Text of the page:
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Northwestern, in 2015, finally became Pat Fitzgerald's

Jonathan Daniel/Getty Images

CHICAGO — At times, it wasn't aesthetically pleasing. It certainly wasn't perfect. But if 12 games and 10 wins have told us anything about the 2015 Northwestern Wildcats, it's that that's exactly how they like it. Ugly. Scrappy. Gritty... Beautiful.

To the 2015 Northwestern Wildcats, ugly, scrappy and gritty are synonymous with beautiful. And, well, that's exactly how their coach likes it too.

"We know who we are," Pat Fitzgerald said repeatedly after topping off a remarkable season with a 24-14 win over Illinois at Soldier Field. "And we've embraced that here through Big Ten play. And some games it's been better than others, but we know exactly who we are, and we've stuck to that formula."

That formula wasn't always the cleanest. It certainly wasn't Saturday. The Wildcats didn't dominate. They rarely have in 2015. As has become customary, Northwestern's offense sputtered, especially after halftime.

But as has also become customary, Northwestern's defense led it to victory. And in doing so one final time, it firmly nailed down this team's place in Wildcat football lore. It permanently stamped its identity into the record books and into the minds of fans with a win emblematic of what and who this team is.

This team... is Pat Fitzgerald's Northwestern.

It took 10 years. It took flirtations with various schemes and philosophies. It of course took struggle and failure. But in 2015, for the first time, from early September through late November, we have seen Pat Fitzgerald's Northwestern.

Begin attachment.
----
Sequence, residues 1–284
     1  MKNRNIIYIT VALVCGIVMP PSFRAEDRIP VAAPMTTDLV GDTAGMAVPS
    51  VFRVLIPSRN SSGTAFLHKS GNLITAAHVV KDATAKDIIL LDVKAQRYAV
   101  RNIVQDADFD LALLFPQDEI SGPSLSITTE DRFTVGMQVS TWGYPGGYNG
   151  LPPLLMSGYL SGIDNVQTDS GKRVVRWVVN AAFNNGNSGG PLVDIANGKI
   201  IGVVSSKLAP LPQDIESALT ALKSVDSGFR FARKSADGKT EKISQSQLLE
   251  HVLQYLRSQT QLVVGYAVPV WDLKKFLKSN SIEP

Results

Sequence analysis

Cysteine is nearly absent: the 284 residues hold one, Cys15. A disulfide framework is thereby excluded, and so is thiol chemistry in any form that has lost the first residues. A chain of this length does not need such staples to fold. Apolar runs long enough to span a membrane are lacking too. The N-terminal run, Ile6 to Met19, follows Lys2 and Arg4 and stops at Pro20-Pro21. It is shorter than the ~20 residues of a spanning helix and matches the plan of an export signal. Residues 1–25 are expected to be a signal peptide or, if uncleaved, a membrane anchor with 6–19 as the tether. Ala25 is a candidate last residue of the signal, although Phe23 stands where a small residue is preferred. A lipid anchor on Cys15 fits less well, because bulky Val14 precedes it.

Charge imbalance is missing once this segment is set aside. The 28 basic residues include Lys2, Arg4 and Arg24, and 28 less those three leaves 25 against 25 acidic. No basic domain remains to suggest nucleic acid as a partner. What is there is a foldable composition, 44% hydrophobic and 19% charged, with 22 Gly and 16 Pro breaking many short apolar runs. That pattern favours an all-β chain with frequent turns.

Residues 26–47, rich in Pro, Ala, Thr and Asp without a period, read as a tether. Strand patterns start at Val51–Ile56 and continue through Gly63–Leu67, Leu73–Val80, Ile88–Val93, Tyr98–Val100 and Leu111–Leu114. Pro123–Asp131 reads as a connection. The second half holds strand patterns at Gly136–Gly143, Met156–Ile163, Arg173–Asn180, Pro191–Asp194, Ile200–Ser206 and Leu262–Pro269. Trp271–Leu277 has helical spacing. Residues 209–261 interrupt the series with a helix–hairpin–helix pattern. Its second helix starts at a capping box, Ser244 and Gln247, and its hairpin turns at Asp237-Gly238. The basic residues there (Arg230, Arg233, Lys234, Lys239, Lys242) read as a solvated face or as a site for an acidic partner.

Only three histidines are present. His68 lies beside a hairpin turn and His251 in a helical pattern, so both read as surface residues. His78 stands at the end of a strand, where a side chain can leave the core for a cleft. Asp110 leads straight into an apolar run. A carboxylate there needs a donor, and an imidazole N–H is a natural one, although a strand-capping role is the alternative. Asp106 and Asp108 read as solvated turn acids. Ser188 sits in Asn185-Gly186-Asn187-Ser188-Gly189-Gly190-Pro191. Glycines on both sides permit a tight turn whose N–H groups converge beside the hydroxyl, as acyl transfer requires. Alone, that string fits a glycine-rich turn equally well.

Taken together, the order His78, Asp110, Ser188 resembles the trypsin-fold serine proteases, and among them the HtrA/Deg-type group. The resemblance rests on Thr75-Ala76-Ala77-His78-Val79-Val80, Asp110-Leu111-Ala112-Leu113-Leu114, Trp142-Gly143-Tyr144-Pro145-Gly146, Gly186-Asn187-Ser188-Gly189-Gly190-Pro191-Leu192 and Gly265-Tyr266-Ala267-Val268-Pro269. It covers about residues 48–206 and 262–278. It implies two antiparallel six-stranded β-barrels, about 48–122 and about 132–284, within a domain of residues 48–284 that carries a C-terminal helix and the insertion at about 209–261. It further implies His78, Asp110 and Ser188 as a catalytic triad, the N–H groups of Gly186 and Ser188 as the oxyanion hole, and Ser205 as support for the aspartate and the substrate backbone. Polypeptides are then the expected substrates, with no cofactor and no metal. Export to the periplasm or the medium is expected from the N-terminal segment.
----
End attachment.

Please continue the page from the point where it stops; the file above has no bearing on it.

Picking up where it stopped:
How do we know? The evidence is everywhere.

First and foremost, it's on the field. Fitzgerald's imprint is all over this team. His connection to the romance of the "old days" — to tough-guy football, to grind-it-out, gut-it-out slugfests — manifests itself in this defense's play. Its relentlessness — a word former NU head coach Gary Barnett drove home in 1995 — is a product of Fitzgerald's attitude, one he's implanted in the psyches of his players.

"[Fitz] knows what it looks like, being a two-time All-American, and playing on great defenses," defensive end Deonte Gibson said Saturday. "He knows what it looks like to be a great defense... He understands defense is a dirty, gritty, grimy position to play, and you have to understand that."

The Fitzgerald disposition is contagious too. It hasn't just affected Gibson, or his classmates. Perhaps the greatest ode to this defense is that there isn't one single lasting image of it. There's a long list of them. There's Anthony Walker knifing into the backfield from Fitzgerald's old position and clobbering opposing running backs. There's Gibson overpowering opposing offensive tackles. There's Dean Lowry doing just about everything. There's Matt Harris giving quarterbacks hell. There's Nick VanHoose running receivers' routes before they themselves can. There's Godwin Igwebuike darting sideline to sideline, corralling even the fastest of scatbacks.